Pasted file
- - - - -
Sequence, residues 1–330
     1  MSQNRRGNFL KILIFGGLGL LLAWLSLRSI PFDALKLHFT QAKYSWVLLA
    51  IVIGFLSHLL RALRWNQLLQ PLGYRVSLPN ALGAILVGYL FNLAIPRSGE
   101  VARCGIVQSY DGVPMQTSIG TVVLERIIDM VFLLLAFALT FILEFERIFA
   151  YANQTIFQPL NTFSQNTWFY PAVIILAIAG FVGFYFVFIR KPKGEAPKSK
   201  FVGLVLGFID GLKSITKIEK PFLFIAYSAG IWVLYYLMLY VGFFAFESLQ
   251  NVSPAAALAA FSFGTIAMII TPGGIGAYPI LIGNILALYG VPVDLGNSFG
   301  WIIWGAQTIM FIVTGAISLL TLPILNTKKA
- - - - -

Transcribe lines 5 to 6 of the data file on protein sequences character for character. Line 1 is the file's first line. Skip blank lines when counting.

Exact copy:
   151  YANQTIFQPL NTFSQNTWFY PAVIILAIAG FVGFYFVFIR KPKGEAPKSK
   201  FVGLVLGFID GLKSITKIEK PFLFIAYSAG IWVLYYLMLY VGFFAFESLQ